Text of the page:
A recent front page spread on a retired schoolteacher who feeds bears in the Yentna River Valley heralded him as a bear whisperer. Is he?
Sure, if you define a bear whisperer as someone who bribes bears to hang around his homestead and approach people for illegal handouts, and then is forced to protect his property with electric fences.
It is not difficult to teach bears that people are a source of easy meals. Food is a powerful tool for manipulating bear behavior. Bears must pack on as much weight as possible in summer to survive the winter, and if human handouts are available, many bears will gladly accept them.
But is it ultimately good for the bears? Most definitely not.
The "bear whisperer" admits his bear-love affliction compelled him to do wrong. That's an understatement. His actions are illegal and potentially destructive for both bears and humans.
It is important for people to recognize bears are not fierce killing machines intent on harming people as often portrayed in books and movies. But it is reckless to try to make them into "pets" by feeding them.
Bears that learn to rely on people for food can become dangerous. The Alaska Department of Fish & Game and the Alaska State Troopers ticket people for negligently or intentionally feeding bears garbage, birdseed or domestic animal feed.
When bears learn they can get food from people, they will continue to seek out humans and the places we live.
The "bear whisperer" says his bears know better than to demand food from humans, and return to acting like wild bears when they wander off his property. How does he know? The history of human-bear conflicts indicates otherwise.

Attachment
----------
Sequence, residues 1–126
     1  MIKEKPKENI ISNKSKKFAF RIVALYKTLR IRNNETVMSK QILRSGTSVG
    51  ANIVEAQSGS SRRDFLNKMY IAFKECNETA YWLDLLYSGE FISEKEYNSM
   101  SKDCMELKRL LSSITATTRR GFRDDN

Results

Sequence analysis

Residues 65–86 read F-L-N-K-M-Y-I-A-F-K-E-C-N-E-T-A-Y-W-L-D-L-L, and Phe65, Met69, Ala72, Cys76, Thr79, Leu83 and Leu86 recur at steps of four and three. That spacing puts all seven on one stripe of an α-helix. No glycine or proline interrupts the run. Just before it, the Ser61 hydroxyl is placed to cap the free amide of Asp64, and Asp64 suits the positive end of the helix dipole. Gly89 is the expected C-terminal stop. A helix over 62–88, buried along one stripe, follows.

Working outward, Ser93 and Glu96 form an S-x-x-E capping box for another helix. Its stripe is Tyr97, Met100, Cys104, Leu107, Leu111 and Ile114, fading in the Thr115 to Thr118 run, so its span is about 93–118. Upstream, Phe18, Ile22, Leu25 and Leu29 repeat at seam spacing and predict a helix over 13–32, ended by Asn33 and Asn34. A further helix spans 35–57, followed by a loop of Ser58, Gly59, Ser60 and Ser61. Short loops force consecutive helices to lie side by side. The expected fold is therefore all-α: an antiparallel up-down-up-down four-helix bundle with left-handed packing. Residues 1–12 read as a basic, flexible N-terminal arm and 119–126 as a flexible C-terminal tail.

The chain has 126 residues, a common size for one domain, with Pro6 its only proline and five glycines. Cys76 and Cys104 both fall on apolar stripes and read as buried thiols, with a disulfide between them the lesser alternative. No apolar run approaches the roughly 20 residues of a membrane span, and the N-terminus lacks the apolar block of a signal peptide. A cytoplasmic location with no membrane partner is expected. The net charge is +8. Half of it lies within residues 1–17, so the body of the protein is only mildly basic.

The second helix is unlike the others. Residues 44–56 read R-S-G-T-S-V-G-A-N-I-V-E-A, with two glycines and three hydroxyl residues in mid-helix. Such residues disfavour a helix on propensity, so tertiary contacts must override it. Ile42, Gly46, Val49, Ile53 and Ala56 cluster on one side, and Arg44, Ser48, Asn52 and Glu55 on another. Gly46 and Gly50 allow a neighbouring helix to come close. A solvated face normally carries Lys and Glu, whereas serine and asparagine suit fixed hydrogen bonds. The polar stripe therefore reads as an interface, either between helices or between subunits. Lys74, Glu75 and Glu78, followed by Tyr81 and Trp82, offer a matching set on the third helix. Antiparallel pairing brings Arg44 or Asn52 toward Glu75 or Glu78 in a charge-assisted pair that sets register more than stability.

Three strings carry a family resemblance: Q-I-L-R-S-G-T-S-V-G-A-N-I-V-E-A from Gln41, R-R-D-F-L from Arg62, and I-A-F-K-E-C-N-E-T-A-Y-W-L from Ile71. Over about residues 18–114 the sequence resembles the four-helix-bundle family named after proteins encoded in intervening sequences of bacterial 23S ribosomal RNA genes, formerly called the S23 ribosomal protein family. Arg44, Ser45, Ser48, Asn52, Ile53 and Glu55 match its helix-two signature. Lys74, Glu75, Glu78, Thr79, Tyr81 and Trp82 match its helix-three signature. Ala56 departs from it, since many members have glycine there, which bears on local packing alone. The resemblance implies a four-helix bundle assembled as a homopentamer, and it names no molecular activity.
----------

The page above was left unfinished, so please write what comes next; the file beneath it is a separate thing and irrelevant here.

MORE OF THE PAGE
Take Yellowstone National Park, for example. From the 1930s through the early 1970s, when feeding park bears was commonplace, bears would roam the park road looking for handouts. An average of 50 park visitors each year reported being injured by bears. In turn, park officials had to kill about 25 problem bears annually, according to a history of bear-feeding in Yellowstone by A.W. Biel.
When the feeding was eventually stopped, and dump sites were closed, both bears and humans had a rough readjustment. Conflicts didn't subside until the 1980s when garbage-dependent bears were replaced by self-sufficient bears that ate only wild foods. The park can now boast less than one bear-caused injury per year and only removes about one black and one grizzly bear every five years.
Had the Yentna bear feeding debacle occurred in a more populated area, the phone lines at ADF&G probably would have been ringing off the hook for years about "his" bears. The bears could well have gotten into garbage for miles around, eaten pets and livestock, broken into buildings and possibly even injured a few people.
His bear feeding hobby should have been stopped years ago. However, the remoteness of his homestead, combined with his denials and the reluctance of witnesses to tell what they knew about his feeding, have made enforcement difficult.
Eventually he will be forced to stop feeding bears. The bears won't like it, and some bears may need to be killed if problems arise. The important thing to remember, however, is that this mess all started with illegally feeding bears.
Matt Robus is the director of the Division of Wildlife Conservation in the Alaska Department of Fish & Game.